Not a single person at Gas Monkey Live stayed still Saturday evening as death/core bands from all over helped us wrap up June with a night of massive pits and a surplus of blast beats.  Reeking of marijuana and sweat, even during the openers, this magnificent Dallas venue was packed from start to finish.

Melodic “Halocore” act Shadow of Intent (Connecticut) was the first to cater to our ears with subtle, but noticeable blackened elements. This group always proves to be a fan favorite. Frontman Ben Duerr’s striking vocal range mixes well with the rest of the band’s melodic assault, bringing you a deathcore band that really stands out against the rest – and that’s not just because the basis of their art is a video game called Halo. What makes them stand out the most? Well, they do nothing, but improve. Exactly what every good band’s goal should be.  Though freshly released song “Underneath A Sullen Moon” does feed the angst with a nice one, what gets me about these guys is that they don’t just rely on breakdowns to sound heavy, like too many bands these days.

I hadn’t listened to Aversions Crown (Australia), the second act on the lineup, much at all until Saturday.  Not very long into their set I was hooked on this space-y deathcore. Not too far on the technical side that pushes some people away, their style is still just intricate enough to reel you in. After frontman Colin Jeffs stepped down, the band welcomed Mark Poida (ex-I, Valiance) to the crew. Poida’s vocals provoke emotions and I feel that just like this band, he deserves much more recognition than he gets. I made a mistake by sleeping on them. Their otherworldly lyrics consist of intimidating extraterrestrial testimonies that compliment their cosmic, atmospheric instrumentals the same way Venus compliments the night sky during summer.  

The Black Dahlia Murder
The Black Dahlia Murder @ Gas Monkey Live, Dallas, TX. Photo by DeLisa McMurray.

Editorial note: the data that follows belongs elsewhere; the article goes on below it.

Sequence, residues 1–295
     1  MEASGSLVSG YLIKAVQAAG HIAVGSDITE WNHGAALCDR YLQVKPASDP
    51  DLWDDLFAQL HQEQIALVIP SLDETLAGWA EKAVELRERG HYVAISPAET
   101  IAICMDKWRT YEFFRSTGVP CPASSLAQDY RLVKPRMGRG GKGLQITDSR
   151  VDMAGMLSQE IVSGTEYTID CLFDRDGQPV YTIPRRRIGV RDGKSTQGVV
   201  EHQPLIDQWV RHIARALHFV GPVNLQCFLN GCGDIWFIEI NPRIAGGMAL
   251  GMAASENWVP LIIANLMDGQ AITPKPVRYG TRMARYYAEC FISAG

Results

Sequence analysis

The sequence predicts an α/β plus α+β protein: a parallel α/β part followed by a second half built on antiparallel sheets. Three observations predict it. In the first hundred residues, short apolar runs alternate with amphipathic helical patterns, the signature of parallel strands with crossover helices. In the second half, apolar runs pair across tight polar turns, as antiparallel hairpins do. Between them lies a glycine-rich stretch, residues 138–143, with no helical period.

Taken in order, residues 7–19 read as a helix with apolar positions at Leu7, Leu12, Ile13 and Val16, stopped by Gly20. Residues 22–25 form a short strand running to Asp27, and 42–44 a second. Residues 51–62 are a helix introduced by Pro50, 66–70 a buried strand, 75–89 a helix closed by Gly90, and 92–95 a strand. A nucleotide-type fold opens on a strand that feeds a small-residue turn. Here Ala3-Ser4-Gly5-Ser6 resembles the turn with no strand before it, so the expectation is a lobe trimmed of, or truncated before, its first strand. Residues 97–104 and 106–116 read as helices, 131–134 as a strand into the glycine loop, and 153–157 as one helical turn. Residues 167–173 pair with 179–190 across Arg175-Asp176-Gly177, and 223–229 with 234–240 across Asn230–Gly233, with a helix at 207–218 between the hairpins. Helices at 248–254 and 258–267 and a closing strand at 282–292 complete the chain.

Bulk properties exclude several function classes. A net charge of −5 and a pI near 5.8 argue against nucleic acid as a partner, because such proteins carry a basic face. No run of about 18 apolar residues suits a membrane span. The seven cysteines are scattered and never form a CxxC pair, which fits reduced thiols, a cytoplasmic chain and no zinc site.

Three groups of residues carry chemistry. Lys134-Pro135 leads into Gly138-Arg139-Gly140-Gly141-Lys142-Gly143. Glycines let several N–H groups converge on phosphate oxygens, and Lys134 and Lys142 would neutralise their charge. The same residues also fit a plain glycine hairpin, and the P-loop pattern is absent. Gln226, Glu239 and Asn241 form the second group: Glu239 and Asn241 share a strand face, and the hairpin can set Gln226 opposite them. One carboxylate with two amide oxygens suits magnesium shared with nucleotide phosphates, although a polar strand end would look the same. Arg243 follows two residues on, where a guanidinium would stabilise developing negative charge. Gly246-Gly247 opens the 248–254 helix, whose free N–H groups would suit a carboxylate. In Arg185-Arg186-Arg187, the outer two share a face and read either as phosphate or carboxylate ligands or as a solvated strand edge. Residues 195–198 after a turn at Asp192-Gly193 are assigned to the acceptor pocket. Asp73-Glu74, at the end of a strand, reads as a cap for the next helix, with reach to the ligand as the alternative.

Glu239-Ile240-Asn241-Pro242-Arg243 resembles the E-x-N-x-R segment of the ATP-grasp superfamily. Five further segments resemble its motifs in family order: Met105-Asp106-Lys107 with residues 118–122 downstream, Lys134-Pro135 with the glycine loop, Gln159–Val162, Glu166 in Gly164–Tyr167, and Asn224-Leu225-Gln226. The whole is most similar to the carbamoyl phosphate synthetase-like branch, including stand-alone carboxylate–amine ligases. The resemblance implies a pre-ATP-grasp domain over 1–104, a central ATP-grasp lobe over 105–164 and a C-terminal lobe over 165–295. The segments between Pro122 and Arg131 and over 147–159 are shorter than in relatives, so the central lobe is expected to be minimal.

Aversions Crown concluded with an older jig and soon, Fleshgod Apocalypse was to take the stage. In 2013, I hung around for this ensemble at a much smaller venue in Fort Worth – what a different atmosphere, and an equally differing lineup.  This is another group that doesn’t get anywhere near the amount of appreciation or attention they deserve. Three things that make FA its own are the Opera and Baroque-esque tendencies, the way their guitars bend and melt into soprano vocalist Veronica Bordacchini’s chilling voice, and drummer David Folchitto’s unbelievable endurance. Pianist Francesco Ferrini  orchestrates simple yet consistent, eerie yet elegant riffs and proves that sometimes less is more. Armed with captivating theatrics and serene interludes, Fleshgod Apocalypse is a bundle of true artists.

Ready for The Black Dahlia Murder and Whitechapel, the crowd that hung outside (why they stayed outside, I’ll never understand) during Fleshgod Apocalypse’s set made a beeline for the doorway leading inside. It was time for The Black Dahlia Murder (Michigan). What a pit! When watching live or comparing the new Nightbringers to the last album Abysmal, you can easily see how lead guitarist Brandon Ellis brings that same kind of energy to the table. TBDM’s enthusiasm and appreciation for their fans is heartwarming. The obsession returned from their fans is notable and completely understood. Everyone was content with their lengthy set and their conquering of the entire newest release Nightbringers in all its glory.  It doesn’t get much better.

Whitechapel
Whitechapel @ Gas Monkey Live, Dallas, TX. Photo by DeLisa McMurray.

It can get a little bit better, though! What we were all anticipating was to happen soon. Whitechapel would take the stage at 10:15 pm to play This is Exile in its entirety. One of the best in this genre, and tonight the ringleader of colossal mosh pits, vocalist Phil Bozeman’s style is never mistaken.  The “one of” may even be an understatement. Eventually distancing himself from lyrics that didn’t mean much to him and even incorporating clean vocals into some newer releases, it’s safe to assume Bozeman takes an open-minded approach to creating his music. While fresher  releases include some unexpected mellow tunes, This is Exile is full of those classic deathcore riffs. Halfway through their set, some folks trickled out early, but the energy and excitement never let up. Though I didn’t get to hear all my favorites that aren’t on This is Exile, Whitechapel was by far the most enjoyable set of the night for me (and the crowd-surfers, I’m sure).  I’m already ready to see this whole lineup again!

If you were there and you weren’t fired up, I suggest you see a doctor.

– DeLisa McMurray


– click to enlarge photos – 

 

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